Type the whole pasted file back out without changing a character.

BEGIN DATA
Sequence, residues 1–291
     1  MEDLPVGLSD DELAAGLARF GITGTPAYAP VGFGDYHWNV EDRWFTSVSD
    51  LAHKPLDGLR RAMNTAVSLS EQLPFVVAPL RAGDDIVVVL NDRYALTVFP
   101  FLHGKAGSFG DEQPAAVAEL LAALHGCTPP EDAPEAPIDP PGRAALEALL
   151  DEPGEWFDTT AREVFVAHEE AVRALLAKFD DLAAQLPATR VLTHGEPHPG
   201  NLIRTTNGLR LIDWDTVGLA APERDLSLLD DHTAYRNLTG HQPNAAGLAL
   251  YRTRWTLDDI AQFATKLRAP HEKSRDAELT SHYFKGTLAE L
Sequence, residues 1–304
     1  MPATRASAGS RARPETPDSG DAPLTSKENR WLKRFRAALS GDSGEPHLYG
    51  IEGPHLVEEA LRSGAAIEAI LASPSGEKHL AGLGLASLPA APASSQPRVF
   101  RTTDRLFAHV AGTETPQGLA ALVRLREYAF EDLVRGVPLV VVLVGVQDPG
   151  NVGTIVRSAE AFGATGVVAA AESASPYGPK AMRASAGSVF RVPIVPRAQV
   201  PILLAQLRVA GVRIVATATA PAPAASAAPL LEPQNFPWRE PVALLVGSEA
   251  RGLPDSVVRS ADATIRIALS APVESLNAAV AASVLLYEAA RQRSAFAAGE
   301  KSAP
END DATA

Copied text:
Sequence, residues 1–291
     1  MEDLPVGLSD DELAAGLARF GITGTPAYAP VGFGDYHWNV EDRWFTSVSD
    51  LAHKPLDGLR RAMNTAVSLS EQLPFVVAPL RAGDDIVVVL NDRYALTVFP
   101  FLHGKAGSFG DEQPAAVAEL LAALHGCTPP EDAPEAPIDP PGRAALEALL
   151  DEPGEWFDTT AREVFVAHEE AVRALLAKFD DLAAQLPATR VLTHGEPHPG
   201  NLIRTTNGLR LIDWDTVGLA APERDLSLLD DHTAYRNLTG HQPNAAGLAL
   251  YRTRWTLDDI AQFATKLRAP HEKSRDAELT SHYFKGTLAE L
Sequence, residues 1–304
     1  MPATRASAGS RARPETPDSG DAPLTSKENR WLKRFRAALS GDSGEPHLYG
    51  IEGPHLVEEA LRSGAAIEAI LASPSGEKHL AGLGLASLPA APASSQPRVF
   101  RTTDRLFAHV AGTETPQGLA ALVRLREYAF EDLVRGVPLV VVLVGVQDPG
   151  NVGTIVRSAE AFGATGVVAA AESASPYGPK AMRASAGSVF RVPIVPRAQV
   201  PILLAQLRVA GVRIVATATA PAPAASAAPL LEPQNFPWRE PVALLVGSEA
   251  RGLPDSVVRS ADATIRIALS APVESLNAAV AASVLLYEAA RQRSAFAAGE
   301  KSAP